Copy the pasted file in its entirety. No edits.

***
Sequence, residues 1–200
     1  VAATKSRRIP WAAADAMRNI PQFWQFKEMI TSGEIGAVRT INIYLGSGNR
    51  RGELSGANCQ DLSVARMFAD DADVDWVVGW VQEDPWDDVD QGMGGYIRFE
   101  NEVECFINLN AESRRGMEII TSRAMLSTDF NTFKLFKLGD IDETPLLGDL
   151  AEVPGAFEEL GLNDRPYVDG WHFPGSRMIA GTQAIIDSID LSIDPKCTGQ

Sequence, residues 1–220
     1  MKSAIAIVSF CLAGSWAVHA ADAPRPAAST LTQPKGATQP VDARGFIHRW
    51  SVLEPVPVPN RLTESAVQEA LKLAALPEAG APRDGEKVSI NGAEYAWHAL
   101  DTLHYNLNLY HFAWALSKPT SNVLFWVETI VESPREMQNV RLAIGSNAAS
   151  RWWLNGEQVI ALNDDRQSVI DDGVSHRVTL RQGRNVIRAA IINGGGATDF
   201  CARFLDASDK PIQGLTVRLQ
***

Sequence, residues 1–200
     1  VAATKSRRIP WAAADAMRNI PQFWQFKEMI TSGEIGAVRT INIYLGSGNR
    51  RGELSGANCQ DLSVARMFAD DADVDWVVGW VQEDPWDDVD QGMGGYIRFE
   101  NEVECFINLN AESRRGMEII TSRAMLSTDF NTFKLFKLGD IDETPLLGDL
   151  AEVPGAFEEL GLNDRPYVDG WHFPGSRMIA GTQAIIDSID LSIDPKCTGQ

Sequence, residues 1–220
     1  MKSAIAIVSF CLAGSWAVHA ADAPRPAAST LTQPKGATQP VDARGFIHRW
    51  SVLEPVPVPN RLTESAVQEA LKLAALPEAG APRDGEKVSI NGAEYAWHAL
   101  DTLHYNLNLY HFAWALSKPT SNVLFWVETI VESPREMQNV RLAIGSNAAS
   151  RWWLNGEQVI ALNDDRQSVI DDGVSHRVTL RQGRNVIRAA IINGGGATDF
   201  CARFLDASDK PIQGLTVRLQ